As it turned out, his cringeworthy reinvention as a rapper was part of an Andy-Kaufman-esque, life-as-performance-art stunt for the mockumentary I’m Still Here. Then came his remarkable, animalistic turn in Paul Thomas Anderson’s The Master, which revived his credibility and helped usher in a new heavyweight phase in his acting career. I say “heavyweight,” but of course, Phoenix had lost a lot of weight for the role of Freddie Quell, just as he has for Arthur Fleck. Maybe a better superlative would be “powerhouse.”
Now, ten years after his faux Letterman meltdown, we’re here in 2019. Phoenix, yes, is still here. He’s still got the goods, and just in case you forgot that line from his rap parody — “I don’t even fear fucking fear” — he’s not afraid to physically flaunt them: protruding his shoulder blades and rib cage like some demon-possessed person in a horror movie. His character, Arthur, exists miles underground from the penthouse where the Jack Napier of Jokers past could stand in front of a mirror and brush off compliments from beautiful blonde models (“You look fine,”) with a vain, “I didn’t ask.”
A different kind of narcissism festers within Arthur. In his daydreams and delusions, the world still revolves around him, but at one point, he confesses to his social worker, “All I have are negative thoughts.” He’s a sign-twirler who is terrorized by street kids and who loses his job after a gun comes spilling out of his clown costume at a children’s hospital. When he stands in his boss’s office and the camera lingers uncomfortably on his face, you can see his eyes light up with a spark of malevolence.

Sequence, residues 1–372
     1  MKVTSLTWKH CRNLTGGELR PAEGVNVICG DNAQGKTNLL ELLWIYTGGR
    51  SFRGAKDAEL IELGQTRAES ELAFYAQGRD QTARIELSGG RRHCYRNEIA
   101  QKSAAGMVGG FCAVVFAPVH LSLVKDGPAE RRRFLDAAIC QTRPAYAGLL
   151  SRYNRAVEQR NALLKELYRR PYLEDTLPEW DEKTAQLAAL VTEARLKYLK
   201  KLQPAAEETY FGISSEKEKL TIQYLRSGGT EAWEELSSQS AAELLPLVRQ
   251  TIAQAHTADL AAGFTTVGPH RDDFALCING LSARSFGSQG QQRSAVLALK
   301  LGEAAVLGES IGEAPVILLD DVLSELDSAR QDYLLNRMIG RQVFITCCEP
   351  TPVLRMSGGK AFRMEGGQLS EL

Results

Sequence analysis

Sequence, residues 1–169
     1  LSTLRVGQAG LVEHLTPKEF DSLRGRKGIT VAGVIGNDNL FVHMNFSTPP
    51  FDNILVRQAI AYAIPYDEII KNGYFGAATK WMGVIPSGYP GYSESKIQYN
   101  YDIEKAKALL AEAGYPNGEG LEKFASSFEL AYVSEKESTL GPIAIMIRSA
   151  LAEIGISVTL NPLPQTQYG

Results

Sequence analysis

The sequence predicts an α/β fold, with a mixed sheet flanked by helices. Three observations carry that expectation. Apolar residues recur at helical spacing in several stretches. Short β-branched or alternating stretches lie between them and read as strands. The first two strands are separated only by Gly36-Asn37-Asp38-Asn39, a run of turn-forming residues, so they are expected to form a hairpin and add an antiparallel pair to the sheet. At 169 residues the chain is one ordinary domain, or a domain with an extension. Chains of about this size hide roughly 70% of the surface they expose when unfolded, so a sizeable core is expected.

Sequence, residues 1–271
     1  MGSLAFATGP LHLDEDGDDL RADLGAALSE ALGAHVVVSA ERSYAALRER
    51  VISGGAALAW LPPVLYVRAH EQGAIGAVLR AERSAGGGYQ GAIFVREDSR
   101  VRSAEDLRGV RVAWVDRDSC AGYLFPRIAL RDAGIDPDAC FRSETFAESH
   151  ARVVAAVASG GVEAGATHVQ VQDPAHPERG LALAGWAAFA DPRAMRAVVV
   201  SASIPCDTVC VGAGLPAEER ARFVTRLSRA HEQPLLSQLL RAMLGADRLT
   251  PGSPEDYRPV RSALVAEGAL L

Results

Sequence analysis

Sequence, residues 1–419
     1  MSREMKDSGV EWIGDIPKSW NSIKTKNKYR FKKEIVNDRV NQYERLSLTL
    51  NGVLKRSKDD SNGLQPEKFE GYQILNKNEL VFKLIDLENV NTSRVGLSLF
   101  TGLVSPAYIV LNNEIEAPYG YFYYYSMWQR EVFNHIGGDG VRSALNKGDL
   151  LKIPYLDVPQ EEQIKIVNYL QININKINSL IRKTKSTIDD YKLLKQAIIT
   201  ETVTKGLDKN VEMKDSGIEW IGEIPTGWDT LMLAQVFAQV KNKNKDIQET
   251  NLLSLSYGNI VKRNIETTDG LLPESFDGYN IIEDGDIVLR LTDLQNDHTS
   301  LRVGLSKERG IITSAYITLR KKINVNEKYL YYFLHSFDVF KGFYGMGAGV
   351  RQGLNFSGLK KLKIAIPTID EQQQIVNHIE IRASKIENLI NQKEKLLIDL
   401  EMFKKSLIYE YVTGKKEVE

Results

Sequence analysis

The movie positions Arthur — some say dangerously — as a Joker for the downtrodden. On the subway, he’s literally kicked while he’s down. At home, he sits in front of the TV and fantasizes about being in the studio audience for the late-night talk show “Live with Murray Franklin.” The nature of his fantasy life is such that the springy host, played by Robert De Niro, interrupts his monologue about super rats and super cats in Gotham City to tell Arthur, “There’s something special about you.”
Meanwhile, Arthur has designs on being a stand-up comedian, but since he suffers from an unspecified condition that produces fits of uncontrollable, wheezing laughter in him (it’s a movie version of the pseudobulbar affect, a real-life neurological disorder), his giggles and guffaws are conspicuously out of synch with the world around him. Joker frames this most acutely in a scene at a comedy club where Arthur sits scrawling notes about another comedian’s act. His notebook/joke journal is full of misspellings and incoherent observations. Late in the movie, after we’ve seen him contemplating suicide, he refers back to the line, “I just hope my life makes more cents than my death.”